Banning ads for sex tourism should be a no-brainier I would hope.

      Not at all. The no-brainer is that sex tourism should be legal and regulated, just like any other industry. Tax them and use that money to enforcefair working conditions. Problem solved.

      It is merely trying to remove negative stereotypes from everyday media

      Negative according to who? And why do they get to decide what is negative?

      It isn't about being puritanical, it is about protecting people from well understood psychological harm.

      Exactly what sort of harm are you talking about? How is sending the message that sex is positive and desirable more harmful than sending the message that sex is dirty and should be hidden?

  • As usual (Score:3, Interesting)

    by Vinegar Joe (998110) on Thursday March 07, 2013 @02:14PM (#43106761)

    "the dark night of fascism is always descending in the United States and yet lands only in Europe." - Tom Wolfe

  • The Big Picture (Score:5, Interesting)

    by SirGarlon (845873) on Thursday March 07, 2013 @02:23PM (#43106881)

    Just from TFS, the headline of the proposal is "Eliminating Gender Stereotypes in the EU." I am not sure that is even a goal that is worthy of support. Are they trying to say that the gender roles that developed over the last 2500 years of European history are without value and need to be expunged from 21st century civilization?

    I'm all in favor of correcting historical inequities like giving women equal pay and practical equality before the law. I also will go so far as to admit it's possible that women as a population might benefit from certain changes in workplace culture or other aspects of society.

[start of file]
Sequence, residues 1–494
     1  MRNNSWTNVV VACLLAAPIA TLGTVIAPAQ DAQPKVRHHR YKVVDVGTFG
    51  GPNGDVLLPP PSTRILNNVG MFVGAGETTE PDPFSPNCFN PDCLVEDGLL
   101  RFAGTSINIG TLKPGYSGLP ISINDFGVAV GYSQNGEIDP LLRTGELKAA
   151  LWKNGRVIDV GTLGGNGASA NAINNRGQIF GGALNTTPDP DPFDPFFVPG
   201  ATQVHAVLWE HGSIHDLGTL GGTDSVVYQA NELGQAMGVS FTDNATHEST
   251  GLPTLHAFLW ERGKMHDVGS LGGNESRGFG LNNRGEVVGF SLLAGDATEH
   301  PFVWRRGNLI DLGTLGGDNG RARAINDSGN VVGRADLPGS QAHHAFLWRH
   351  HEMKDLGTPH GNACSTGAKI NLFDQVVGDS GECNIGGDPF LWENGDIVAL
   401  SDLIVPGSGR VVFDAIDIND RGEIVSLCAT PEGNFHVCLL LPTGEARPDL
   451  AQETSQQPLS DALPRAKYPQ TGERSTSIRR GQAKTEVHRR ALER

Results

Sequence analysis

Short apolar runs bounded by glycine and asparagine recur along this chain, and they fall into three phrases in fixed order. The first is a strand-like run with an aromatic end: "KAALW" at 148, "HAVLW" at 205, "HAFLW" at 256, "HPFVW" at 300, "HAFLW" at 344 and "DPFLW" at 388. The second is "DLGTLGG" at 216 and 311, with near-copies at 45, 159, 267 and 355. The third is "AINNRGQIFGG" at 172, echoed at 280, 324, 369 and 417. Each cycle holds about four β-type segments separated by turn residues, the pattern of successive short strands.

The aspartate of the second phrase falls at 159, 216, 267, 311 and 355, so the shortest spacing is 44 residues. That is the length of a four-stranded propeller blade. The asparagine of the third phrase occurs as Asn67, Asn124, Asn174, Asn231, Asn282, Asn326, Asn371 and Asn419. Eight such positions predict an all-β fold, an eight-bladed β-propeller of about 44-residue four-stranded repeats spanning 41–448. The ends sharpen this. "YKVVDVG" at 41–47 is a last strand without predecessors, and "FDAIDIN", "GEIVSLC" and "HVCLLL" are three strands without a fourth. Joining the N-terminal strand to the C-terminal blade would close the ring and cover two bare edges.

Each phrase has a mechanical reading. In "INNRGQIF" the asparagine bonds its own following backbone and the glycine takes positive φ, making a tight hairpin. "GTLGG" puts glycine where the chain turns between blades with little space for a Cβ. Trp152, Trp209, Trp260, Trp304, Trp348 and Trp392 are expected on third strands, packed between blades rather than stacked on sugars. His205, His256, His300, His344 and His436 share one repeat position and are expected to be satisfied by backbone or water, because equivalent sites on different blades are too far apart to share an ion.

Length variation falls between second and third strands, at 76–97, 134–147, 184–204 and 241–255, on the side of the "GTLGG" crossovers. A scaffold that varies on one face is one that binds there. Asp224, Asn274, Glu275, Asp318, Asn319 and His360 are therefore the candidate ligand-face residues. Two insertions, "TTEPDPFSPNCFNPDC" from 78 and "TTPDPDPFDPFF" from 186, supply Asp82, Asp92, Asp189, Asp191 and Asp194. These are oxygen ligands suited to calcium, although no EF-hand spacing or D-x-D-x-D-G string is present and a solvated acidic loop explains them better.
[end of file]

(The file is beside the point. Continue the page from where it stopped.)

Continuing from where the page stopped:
What I don't accept is that everyone is supposed to pretend women are indistinguishable from men. I embrace my role as the bug-squasher and fix-it man, and my wife embraces her role as the cook. Social equality is not the same as mathematical equality. The language of "eliminating stereotypes" is worrisome for that reason. What we need is not a world without differences, but a world where the norms are inclusive of differences.

  • by Quiet_Desperation (858215) on Thursday March 07, 2013 @02:25PM (#43106919)

    Those silly Americans and their prudish- wait, wat?

  • by dittbub (2425592) on Thursday March 07, 2013 @02:27PM (#43106945)
    I guess all the other problems facing EU have been solved?
  • by kheldan (1460303) on Thursday March 07, 2013 @02:31PM (#43107021) Journal
    1. Define 'pornography' in a non-vague way. Just sex acts? What about nudity? Suggestive clothing? Suggestive language? Numerous countries have been down this road at one point or another and have failed. The line between what is 'art' and what is 'pornography' will always be 100% subjective.

    2. You can't legislate what people want. There will always be people who want pornography in one form or another, and where there is a demand there will be someone supplying it.

    3. You can't legislate morality, either, which is in essense what this will do.

    4. And how do they think this will be enforced? Existing profitable porn sites will just switch their hosting to a non-EU member country. Are they going to try blocking access in EU member countries (aka censorship)? Good luck with that. See #2, above to cover how that subject will be handled.

    Really, this sounds like just another case of politicians being woefully ignorant when it comes to matters of science and technology.

    Finally, this one last blast:
    So, EU, you've stabilized the economies of all your member states, unemployment is 100% under control, crime and terrorism is 100% under control, etc etc etc therefore you can spend time, money, and energy on something like this? And here I thought that only politicians here in the U.S. acted retarded.
  • by coinreturn (617535) on Thursday March 07, 2013 @02:32PM (#43107037)
    Yeah, women having sex is such a stereotype. Actually, I think women not wanting sex is the stereotype; therefore everyone must view porn at every opportunity.